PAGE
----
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Critics of Online Sales Tax Ruling Urge Congress to Rein in States

In this Dec. 14, 2017, file photo, packages travel on a conveyor belt for sorting at the main post office in Omaha, Neb.

In this Dec. 14, 2017, file photo, packages travel on a conveyor belt for sorting at the main post office in Omaha, Neb. AP Photo

 

Connecting state and local government leaders

Meanwhile, the top Republican on the House Judiciary Committee warns the U.S. Supreme Court decision could “unleash chaos.”

WASHINGTON — Republican lawmakers left open the possibility on Tuesday that Congress could take action to legislate around a recent U.S. Supreme Court decision that paves the way for states to collect greater sales taxes from internet retailers.

But there are no signs yet that any legislation is gaining serious traction on Capitol Hill.

Tuesday’s discussion unfolded as the House Judiciary Committee convened to consider the ramifications of the June ruling in South Dakota v. Wayfair, Inc., which overturned a legal precedent that blocked states from gathering sales taxes from out-of-state online vendors.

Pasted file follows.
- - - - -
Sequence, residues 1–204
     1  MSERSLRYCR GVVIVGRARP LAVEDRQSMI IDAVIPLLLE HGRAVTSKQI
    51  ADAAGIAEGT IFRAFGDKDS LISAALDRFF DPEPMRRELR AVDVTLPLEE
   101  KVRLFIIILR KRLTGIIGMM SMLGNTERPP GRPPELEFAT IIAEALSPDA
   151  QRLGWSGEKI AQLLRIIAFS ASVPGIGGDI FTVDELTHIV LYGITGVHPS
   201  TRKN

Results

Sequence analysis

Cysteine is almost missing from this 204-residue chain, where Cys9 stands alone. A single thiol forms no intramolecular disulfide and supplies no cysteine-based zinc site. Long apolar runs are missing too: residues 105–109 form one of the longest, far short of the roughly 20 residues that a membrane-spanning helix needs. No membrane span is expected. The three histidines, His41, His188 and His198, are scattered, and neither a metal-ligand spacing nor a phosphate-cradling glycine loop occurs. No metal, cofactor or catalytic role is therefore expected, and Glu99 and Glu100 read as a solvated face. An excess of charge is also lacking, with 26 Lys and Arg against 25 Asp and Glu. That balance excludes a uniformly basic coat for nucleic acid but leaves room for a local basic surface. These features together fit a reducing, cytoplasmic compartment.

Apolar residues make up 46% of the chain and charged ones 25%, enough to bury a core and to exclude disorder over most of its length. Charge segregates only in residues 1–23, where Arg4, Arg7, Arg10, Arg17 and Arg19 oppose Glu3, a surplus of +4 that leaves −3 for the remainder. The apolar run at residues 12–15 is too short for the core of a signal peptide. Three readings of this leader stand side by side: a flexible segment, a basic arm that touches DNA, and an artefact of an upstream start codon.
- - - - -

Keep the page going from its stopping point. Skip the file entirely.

Some of the witnesses who testified before committee were sharply critical of the Supreme Court’s decision and urged Congress to impose a moratorium, or to take other steps, to block or restrict new state sales tax policies put in place in light of Wayfair.

U.S. Rep. Bob Goodlatte, a Virginia Republican who chairs the committee, stopped short of endorsing a moratorium. But offered a downbeat view of the court ruling.

“The court’s close and incomplete decision in Wayfair has the potential to unleash chaos for consumers and remote sellers, particularly small business sellers,” he said. Goodlatte went on to say that the possibility states will seek to apply the tax retroactively “remains a real threat.”

Goodlatte, who is not seeking reelection in 2018 and is retiring from Congress, raised a number of technical issues about how state tax policies will be implemented in the wake of the ruling.

For instance, some states are expected to create a sales threshold, as South Dakota did, to guide whether an online business must collect taxes. Goodlatte said it remains to be seen whether these thresholds for small businesses will apply only at the state level or at the local level as well. Other unknowns: whether tax-exempt sales will count toward such thresholds, and what the ruling will mean for firms competing against overseas vendors.